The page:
The dissertation seeks to contribute to the understanding of Tantric Buddhism by a systematic treatment of its path to Enlightenment and by a detailed analysis of the Tantrayana in its relationship to the H(')inayana and Mahayana forms of Buddhism.^ Tantric Buddhism, one of the final phases of Indian Buddhism, is in some ways its most problematic. The Buddhist tantras, said to have been spoken by the Buddha while he is engaged in sexual intercourse with a consort, are filled with injuctions to such practices as cannibalism, promiscuous sexual intercourse and cemetery liturgies. Mingled with "un-Buddhist" injunctions are the more usual Buddhist teachings concerning the Four Noble Truths, Dependent Origination, the Voidness of dharmas, etc.^ The roots of Tantric Buddhism are traced to the doctrines and practices of pre-Tantric expressions, namely, the H(')inayana and Mahayana. In its practices, however, the Tantra is both continuous with, and distinct from, its predecessors. Thus, such early Buddhist practices as mantras, Concentrations (samadhis) and Gestures (mudras) are taught in the tantras. However, the practices of Yoga (e.g., meditational manipulation of breathing) and of Tantric cults (e.g., ritual intercourse) are also counselled. In general, the "offensive" practices of the Tantric cults are contemplated in Concentrations and thus become means for Enlightenment, the meditational state wherein all false dichotomies are dissolved. ^ In the tantras the goal of Enlightenment is expressed in such terms as Nuptial Body (a yogic, mind-formed body) and the Thought of Enlightenment (the meditational union of Insight and Means); the goal is also represented as sexual intercourse. The path to the Tantric goal is set forth in a twofold course, the Stage of Generation and the Stage of Completion. Both stages are composed of specific steps, each with its proper activity. In the course, the Candidate employs Gestures, mantras and Concentrations so as to affiliate his own body, speech and mind with those of the Buddha. In the Stage of Completion, sexual rituals initiate the Candidate to the more advanced steps of the Tantric path; it is a moot question whether such rituals are meditatively or physically performed. These rituals, however, are reserved to Candidates of superior faculties who have followed the rigorous discipline taught in the H(')inayana and Mahayana.^ The Buddhist tantras can be understood on several levels. Their proper understanding requires the instruction of highly trained masters. One level of interpretation is expressed as Twilight Language, language taught to generate meditational states.^ According to the tantras, women are the source of Enlightenment and co-officiants in the initiation liturgies; as such, women are called mudras, a term which in its Tantric usage goes far beyond the earlier meaning, "Gesture." The Sanskrit commentarial text, Caturmudraniscaya, attributed to the Tantric Nagarjuna, explains in part the role of madras. This text is translated with explanation in Appendix I. ^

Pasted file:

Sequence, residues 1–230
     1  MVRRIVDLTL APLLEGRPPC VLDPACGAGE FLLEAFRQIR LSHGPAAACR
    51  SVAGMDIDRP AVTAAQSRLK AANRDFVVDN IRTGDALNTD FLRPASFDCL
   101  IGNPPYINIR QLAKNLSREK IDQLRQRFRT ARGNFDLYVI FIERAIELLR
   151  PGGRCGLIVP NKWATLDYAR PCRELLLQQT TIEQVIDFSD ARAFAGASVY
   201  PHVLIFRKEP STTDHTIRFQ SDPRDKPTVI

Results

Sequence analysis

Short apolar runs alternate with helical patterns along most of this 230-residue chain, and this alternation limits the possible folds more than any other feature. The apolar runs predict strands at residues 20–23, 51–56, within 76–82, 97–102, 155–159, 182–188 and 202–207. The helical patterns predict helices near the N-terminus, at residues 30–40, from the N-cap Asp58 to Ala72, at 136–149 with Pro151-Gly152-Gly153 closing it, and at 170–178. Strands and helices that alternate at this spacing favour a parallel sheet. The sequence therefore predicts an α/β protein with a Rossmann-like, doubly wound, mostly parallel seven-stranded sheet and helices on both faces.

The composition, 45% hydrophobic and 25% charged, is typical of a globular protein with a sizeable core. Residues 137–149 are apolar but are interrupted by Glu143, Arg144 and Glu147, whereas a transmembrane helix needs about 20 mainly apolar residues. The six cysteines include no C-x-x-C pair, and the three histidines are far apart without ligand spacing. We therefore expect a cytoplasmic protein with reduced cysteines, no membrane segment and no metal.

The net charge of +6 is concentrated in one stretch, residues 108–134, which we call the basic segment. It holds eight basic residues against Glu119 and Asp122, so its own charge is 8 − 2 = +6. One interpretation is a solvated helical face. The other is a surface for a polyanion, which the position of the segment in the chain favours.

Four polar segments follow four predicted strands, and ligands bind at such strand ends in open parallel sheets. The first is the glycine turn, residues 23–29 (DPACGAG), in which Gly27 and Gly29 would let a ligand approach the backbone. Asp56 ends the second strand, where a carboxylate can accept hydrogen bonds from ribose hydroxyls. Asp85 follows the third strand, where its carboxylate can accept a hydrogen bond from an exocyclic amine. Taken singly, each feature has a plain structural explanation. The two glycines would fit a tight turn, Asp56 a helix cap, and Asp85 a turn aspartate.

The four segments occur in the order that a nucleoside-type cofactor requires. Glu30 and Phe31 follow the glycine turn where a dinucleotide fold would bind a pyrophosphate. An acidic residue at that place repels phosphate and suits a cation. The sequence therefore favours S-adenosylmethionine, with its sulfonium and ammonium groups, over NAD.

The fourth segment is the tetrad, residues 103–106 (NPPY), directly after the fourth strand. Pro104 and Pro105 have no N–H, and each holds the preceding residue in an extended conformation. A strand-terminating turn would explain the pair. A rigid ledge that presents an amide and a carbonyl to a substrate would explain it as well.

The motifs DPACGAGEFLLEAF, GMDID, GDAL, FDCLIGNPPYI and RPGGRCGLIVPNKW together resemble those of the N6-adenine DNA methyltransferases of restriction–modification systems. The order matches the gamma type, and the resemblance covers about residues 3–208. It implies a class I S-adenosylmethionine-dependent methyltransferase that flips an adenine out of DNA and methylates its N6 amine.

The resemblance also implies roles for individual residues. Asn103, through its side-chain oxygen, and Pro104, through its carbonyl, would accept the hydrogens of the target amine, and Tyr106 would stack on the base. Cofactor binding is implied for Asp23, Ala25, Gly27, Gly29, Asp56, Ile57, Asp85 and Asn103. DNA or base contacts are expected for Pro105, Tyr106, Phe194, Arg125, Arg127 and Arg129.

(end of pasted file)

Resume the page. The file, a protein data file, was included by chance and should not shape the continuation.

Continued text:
Subject Area

Religion, History of

Recommended Citation

ANTHONY JOSEPH FASANO, "THE RELIGIOUS STRUCTURE OF TANTRIC BUDDHISM" (January 1, 1981). ETD Collection for Fordham University. Paper AAI8123544.